Georgia Bulletin

The Newspaper of the Catholic Archdiocese of Atlanta

Photo by Kolbe Media
Sue Stubbs, standing at right, director of the Victims Assistance Program for the Archdiocese of Atlanta, and Dr. Gerry Ken Crete, seated with microphone, lead a program on The Way retreats for victims of abuse. Their presentation was part of the Catholic Psychotherapy Conference in Atlanta.


Mental health and faith intersect at annual conference

By SAMANTHA SMITH, Staff Writer | Published May 1, 2019

ATLANTA—Catholic mental health professionals and students from across the country attended the Catholic Psychotherapy Association (CPA) annual conference April 25-27 at the Atlanta Marriott Buckhead Hotel and Conference Center. The theme of the conference was from John 14, “Let not your hearts be troubled.”

“As clinicians, we are proclaiming the Gospel when we tell and show people they are worthy of God,” said Father Keith Chylinski during his homily at the morning Mass on Friday, April 27. Father Chylinksi is the first chaplain of the CPA and a priest for the Archdiocese of Philadelphia. He also serves as the director of counseling services at St. Charles Borromeo Seminary in Wynnewood, Pennsylvania.

Father Chylinksi explained that the mental health field works with people who feel lonely or that they don’t belong and are suffering. However, the work of mental health professionals is an opportunity to say to patients, “Your dignity transcends this world.”

The Catholic Psychotherapy Association originated in Atlanta. According to the organization’s website, the late Archbishop John F. Donohue recognized it as a Catholic lay group in 2002.

The mission of CPA is to “support mental health practitioners by promoting the development of psychological theory and mental health practice which encompasses a full understanding of the human person, family and society,” according to the teachings of the Catholic Church.

The conference began on Thursday with a day of reflection. On Friday and Saturday, breakout sessions covered various topics, including self-care, family therapy, support for clergy, trauma in multicultural settings and the sex abuse crisis in the church. Auxiliary Bishop Bernard E. Shlesinger III celebrated the closing Mass on April 27.

Sue Stubbs, director of the Victim Assistance Program for the Archdiocese of Atlanta, along with Dr. Ann Howe and Dr. Gerry Ken Crete, led a session on The Way retreats for survivors of abuse. Retreats are held in the Archdiocese of Atlanta for men and women each year.

“The Stations of the Cross is the backbone of the retreat,” said Stubbs, who created The Way retreats. Participants follow the journey of Christ and relate it to their own experiences of surviving abuse through meditations, prayer and activities that help them act out their feelings, such as drawing, sculpting and journaling. Attendees are also encouraged to go to Mass, adoration and confession.

The retreat “meets people wherever they’re at,” explained Stubbs. Whether people meet regularly with a therapist or are just starting the healing process, there is something for everyone at every stage.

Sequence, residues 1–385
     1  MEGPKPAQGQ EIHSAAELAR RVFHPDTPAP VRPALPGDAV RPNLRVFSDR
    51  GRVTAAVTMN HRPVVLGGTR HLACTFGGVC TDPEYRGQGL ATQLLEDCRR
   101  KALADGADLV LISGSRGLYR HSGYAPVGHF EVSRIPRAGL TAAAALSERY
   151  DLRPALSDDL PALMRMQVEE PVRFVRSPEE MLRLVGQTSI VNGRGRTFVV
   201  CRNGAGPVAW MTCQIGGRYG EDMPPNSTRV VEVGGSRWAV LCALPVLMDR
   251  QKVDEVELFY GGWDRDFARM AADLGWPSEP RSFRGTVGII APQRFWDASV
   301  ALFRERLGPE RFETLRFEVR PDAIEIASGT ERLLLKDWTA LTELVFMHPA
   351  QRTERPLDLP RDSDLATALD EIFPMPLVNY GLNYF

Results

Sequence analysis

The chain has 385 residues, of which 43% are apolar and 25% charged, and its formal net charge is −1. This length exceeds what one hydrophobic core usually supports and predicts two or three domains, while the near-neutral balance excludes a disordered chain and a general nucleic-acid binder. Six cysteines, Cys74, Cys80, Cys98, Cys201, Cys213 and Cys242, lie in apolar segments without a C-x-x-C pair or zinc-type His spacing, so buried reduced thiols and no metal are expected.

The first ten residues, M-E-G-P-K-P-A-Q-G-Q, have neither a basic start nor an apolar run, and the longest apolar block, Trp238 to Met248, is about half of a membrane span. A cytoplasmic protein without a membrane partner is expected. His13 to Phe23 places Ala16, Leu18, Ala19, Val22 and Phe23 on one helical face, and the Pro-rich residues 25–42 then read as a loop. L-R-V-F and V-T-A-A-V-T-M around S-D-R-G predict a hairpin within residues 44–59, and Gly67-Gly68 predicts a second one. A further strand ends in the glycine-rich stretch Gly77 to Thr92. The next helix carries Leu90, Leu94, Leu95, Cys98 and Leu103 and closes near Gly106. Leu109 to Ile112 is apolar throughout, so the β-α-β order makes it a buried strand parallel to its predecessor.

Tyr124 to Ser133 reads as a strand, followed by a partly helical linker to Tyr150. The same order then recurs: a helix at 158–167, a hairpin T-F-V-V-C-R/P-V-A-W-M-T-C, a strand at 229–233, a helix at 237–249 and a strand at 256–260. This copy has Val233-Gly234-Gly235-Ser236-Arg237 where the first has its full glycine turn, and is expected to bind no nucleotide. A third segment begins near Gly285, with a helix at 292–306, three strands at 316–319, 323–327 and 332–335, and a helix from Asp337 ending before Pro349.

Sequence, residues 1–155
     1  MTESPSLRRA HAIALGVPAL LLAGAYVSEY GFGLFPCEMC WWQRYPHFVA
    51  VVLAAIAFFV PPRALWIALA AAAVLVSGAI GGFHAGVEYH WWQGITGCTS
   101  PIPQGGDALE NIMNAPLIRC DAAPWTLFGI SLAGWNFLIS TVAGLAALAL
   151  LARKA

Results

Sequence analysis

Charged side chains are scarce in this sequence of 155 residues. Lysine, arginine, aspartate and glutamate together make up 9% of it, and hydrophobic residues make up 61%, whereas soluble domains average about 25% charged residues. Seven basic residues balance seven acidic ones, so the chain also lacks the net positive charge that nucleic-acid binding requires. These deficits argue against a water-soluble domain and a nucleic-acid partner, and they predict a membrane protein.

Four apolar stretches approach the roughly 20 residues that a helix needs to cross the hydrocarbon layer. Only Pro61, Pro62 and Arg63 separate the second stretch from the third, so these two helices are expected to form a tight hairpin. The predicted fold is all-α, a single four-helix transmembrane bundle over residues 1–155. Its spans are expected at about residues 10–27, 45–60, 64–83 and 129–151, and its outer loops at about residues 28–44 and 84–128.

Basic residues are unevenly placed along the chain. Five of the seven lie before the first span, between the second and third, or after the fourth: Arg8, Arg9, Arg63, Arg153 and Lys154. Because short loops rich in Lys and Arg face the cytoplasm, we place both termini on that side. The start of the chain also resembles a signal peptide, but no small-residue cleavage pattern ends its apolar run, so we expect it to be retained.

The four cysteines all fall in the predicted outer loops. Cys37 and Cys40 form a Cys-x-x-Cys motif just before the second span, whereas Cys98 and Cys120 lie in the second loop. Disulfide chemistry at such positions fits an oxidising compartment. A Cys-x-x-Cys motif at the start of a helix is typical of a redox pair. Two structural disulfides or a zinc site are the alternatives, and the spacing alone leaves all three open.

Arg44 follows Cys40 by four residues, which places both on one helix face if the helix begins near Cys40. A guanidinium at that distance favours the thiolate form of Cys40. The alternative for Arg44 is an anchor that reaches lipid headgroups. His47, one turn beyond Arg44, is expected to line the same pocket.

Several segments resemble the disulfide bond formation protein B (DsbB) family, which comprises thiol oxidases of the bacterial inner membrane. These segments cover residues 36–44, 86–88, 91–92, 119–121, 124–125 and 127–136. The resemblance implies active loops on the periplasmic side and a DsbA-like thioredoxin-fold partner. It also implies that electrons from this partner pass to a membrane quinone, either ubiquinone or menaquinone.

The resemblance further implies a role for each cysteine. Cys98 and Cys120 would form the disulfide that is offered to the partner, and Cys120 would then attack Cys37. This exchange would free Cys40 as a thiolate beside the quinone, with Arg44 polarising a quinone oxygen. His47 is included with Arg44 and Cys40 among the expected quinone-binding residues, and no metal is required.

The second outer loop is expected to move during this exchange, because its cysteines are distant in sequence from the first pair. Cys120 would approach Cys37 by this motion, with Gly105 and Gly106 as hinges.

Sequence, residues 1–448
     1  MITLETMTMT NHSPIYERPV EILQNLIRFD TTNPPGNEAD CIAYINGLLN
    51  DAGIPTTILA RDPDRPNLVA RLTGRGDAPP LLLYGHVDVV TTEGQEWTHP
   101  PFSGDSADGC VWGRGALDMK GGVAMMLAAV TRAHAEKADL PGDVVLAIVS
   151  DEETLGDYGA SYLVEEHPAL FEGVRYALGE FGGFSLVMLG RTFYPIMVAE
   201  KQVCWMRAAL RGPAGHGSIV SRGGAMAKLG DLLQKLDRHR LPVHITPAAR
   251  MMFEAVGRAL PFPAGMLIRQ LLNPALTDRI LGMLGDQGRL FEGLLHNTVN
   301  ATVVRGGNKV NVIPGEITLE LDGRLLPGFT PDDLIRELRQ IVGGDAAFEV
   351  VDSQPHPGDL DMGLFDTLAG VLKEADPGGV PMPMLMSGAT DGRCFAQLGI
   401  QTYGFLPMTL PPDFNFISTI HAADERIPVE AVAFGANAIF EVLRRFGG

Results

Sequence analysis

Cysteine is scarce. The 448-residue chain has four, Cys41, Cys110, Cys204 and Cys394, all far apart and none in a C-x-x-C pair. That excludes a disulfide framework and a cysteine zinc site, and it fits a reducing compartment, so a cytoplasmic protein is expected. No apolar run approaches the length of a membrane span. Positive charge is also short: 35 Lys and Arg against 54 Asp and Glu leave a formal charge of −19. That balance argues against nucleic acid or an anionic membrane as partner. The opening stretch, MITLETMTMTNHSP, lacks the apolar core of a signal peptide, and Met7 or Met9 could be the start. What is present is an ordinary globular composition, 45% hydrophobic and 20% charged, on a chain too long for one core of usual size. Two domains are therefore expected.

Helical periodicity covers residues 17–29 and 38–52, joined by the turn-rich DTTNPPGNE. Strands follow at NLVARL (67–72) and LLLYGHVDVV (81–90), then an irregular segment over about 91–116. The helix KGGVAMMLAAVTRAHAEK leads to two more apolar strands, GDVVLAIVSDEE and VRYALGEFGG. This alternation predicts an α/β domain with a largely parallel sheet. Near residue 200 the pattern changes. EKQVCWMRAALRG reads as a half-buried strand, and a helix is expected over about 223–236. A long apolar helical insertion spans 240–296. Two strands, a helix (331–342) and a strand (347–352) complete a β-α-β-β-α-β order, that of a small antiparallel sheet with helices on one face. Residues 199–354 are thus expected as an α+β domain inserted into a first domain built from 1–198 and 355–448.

A separate retreat is held for men, led by Crete, who serves as president of the Catholic Psychotherapy Association and operates a private practice, Transfiguration Counseling, in north Atlanta.

Sue Baars, a licensed professional counselor and marriage and family therapist from Irving, Texas, listens intently to another participant of the recent Catholic Psychotherapy Conference (CPA) in Atlanta. Baars is a past president of CPA. Photo by Kolbe Media

Male survivors of abuse have a lot of shame, Crete said.

“They don’t want to be seen at all,” he explained. Therefore, he works to build a sense of community.

Crete begins the retreat by asking participants to share their favorite super heroes and the reason for the selections. He later explains, “All the interesting heroes have a wound,” just as they do. However, that wound can start a path to transformation.

“A true man, a good man, does not transmit pain, he transforms it,” said Crete. “Jesus came to show us what a man is supposed to be,” he said.

Howe attends The Way retreats and is a founding member of the Catholic Psychotherapy Association. She has maintained a private practice in Roswell for almost 20 years. For her, the retreats are an “extremely rewarding experience.”

“It has been a healing experience for me as well,” said Howe, who is also a court expert for the Metropolitan Tribunal of the archdiocese.

During the session, she discussed the role of a therapist during the retreat, which includes making presentations and meeting one-on-one with participants. New abuse allegations that surface during the retreat are reported to authorities as explained in the application.

Upcoming The Way retreats for men and women will be this fall. The next one for women will be Sept. 6-8. The application is due Aug. 29. For men, the next retreat is Nov. 22-24; the application is due Nov. 12.

Stubbs believes the Holy Spirit wrote most of The Way retreat.

“People that are coming on the retreat are on a journey,” she said.

For more information and applications for The Way retreats, contact Sue Stubbs at or 404-920-7554.